Reconceptualising urban public open spaces: a case of Freedom Square in Mangaung, South Africa
Sinxadi, Mildred Lindelwa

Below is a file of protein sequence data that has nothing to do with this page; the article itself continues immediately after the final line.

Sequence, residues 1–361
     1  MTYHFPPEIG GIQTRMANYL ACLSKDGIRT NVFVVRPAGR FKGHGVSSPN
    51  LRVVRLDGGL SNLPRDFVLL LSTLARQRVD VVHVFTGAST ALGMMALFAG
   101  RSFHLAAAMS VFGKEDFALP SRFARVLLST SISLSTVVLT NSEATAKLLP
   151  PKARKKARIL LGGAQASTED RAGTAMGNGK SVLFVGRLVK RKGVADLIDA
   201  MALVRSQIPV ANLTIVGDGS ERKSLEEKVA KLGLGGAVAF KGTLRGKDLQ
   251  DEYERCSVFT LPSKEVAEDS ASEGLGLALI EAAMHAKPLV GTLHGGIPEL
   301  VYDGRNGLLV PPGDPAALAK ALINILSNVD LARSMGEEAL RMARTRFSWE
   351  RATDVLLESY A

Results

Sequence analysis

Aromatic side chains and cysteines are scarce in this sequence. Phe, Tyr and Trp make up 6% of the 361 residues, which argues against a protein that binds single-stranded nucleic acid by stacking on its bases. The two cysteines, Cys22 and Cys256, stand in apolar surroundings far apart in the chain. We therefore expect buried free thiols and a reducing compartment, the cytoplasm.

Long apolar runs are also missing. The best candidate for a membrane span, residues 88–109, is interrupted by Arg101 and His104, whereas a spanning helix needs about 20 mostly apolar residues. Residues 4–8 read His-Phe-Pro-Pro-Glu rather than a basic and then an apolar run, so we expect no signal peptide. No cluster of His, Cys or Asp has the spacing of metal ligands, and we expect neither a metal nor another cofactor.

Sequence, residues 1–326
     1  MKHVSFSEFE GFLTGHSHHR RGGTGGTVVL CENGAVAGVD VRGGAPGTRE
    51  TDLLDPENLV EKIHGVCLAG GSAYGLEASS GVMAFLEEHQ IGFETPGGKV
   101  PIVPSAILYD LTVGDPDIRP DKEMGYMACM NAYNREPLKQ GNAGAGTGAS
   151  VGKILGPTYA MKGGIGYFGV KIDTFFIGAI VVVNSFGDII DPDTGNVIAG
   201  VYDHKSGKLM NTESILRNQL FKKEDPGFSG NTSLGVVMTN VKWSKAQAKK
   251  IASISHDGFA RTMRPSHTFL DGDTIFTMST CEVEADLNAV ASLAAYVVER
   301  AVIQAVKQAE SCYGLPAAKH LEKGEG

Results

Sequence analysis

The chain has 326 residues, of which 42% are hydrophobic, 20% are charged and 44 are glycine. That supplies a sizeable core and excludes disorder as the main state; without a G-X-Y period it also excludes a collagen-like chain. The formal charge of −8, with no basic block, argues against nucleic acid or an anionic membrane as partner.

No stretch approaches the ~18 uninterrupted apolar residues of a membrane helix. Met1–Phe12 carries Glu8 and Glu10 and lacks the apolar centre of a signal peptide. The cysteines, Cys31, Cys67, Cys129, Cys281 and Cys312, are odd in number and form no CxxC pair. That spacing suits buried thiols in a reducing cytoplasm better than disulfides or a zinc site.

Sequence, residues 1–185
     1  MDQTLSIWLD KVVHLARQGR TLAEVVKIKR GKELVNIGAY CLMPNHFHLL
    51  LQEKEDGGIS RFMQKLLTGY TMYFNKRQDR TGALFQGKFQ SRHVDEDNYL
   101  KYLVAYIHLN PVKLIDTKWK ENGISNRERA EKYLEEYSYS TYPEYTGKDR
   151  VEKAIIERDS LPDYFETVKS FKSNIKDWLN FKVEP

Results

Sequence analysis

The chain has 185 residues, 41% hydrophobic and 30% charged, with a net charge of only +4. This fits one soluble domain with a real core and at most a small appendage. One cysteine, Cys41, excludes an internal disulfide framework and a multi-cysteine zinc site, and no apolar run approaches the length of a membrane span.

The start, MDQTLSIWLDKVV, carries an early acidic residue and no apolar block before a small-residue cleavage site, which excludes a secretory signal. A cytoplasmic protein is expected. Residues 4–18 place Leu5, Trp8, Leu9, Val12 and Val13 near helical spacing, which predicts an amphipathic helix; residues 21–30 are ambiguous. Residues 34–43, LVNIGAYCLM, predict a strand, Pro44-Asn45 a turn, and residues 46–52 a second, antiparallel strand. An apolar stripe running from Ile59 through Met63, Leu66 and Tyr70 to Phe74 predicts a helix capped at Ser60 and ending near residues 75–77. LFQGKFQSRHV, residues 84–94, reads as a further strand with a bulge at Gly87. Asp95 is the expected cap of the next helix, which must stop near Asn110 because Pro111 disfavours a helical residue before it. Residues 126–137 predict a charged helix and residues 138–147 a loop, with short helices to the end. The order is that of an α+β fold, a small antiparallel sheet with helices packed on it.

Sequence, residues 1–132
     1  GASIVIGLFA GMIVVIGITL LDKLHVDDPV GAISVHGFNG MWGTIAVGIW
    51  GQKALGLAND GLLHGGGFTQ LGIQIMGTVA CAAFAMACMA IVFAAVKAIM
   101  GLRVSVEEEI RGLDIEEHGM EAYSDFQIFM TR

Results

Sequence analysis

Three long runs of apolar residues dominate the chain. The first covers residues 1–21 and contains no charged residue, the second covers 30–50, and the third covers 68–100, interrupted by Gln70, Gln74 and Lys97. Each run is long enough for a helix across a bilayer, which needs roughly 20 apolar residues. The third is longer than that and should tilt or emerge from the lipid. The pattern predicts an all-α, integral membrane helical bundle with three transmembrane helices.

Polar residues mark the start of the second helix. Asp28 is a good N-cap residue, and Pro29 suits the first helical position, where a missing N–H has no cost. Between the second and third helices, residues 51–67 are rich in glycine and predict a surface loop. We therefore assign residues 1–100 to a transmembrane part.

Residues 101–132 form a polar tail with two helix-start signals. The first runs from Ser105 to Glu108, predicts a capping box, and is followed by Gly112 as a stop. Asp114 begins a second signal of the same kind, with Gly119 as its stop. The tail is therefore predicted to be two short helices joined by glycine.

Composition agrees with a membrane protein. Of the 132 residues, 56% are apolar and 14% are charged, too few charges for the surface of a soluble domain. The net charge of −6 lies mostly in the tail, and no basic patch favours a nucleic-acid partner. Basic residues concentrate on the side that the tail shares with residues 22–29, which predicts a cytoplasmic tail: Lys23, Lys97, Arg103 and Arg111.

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Urban public open spaces play a critical part in sustainable neighbourhoods. In recent years, urban public open spaces are gradually disappearing, and this affect the spatial patterns of urban land use. Enabling extensive interaction of all urban stakeholders has been described as a panacea for curbing the incidence of encroachment. However, the existence of different perceptions by these stakeholders concerning the value and usefulness of these spaces poses a challenge to effective management. This has resulted in planning, economic, environmental, recreational, and housing value conflicts. Also, available evidence indicates that the value of urban public open spaces has been neglected by urban stakeholders as the focus is on planning for other land uses. To bridge this gap, the study sought to reconceptualise urban public open spaces in order to maximise its value, as well as to develop a framework for managing value conflicts, thereby enabling effective urban open space management in Mangaung, Free State province in South Africa. This study adopted a case study research design and deployed a variety of techniques such as focus group discussions, face-to face semi-structured interviews and personal observation for data elicitation at different intervals. Individual semi-structured interviews were conducted with purposively recruited town planning, human settlements and environmental management professionals from local government. The focus group discussants included community members who have encroached upon urban public open spaces and those owning properties around open spaces. Also, observations were conducted around the study area. The data was then analysed thematically, and the findings were used to test the propositions through intracase and cross-case study analysis. The study identified barriers in planning and management of urban public open spaces in Mangaung. These included lack of understanding of the value and utilisation of urban public open space; lack of planning and implementation, education and empowerment as well as communication to engender community participation; evidence of the varying value conflicts among the urban stakeholders; and absence of the management of the variety of perspectives during the planning and management of urban public open spaces. It was observed that lack of understanding of the value and usefulness of urban public open spaces led to urban public open space encroachment. The findings gave rise to the development of an Urban Public Open Space Management Framework. This framework indicates that effective community participation and effective value conflict management can lead to effective urban public open space management that will help to curb the incidence of urban public open space encroachment. It is expected that the framework would guide planning professionals, other professionals and policymakers involved in urban planning to plan and manage urban public open spaces effectively within the province and beyond.
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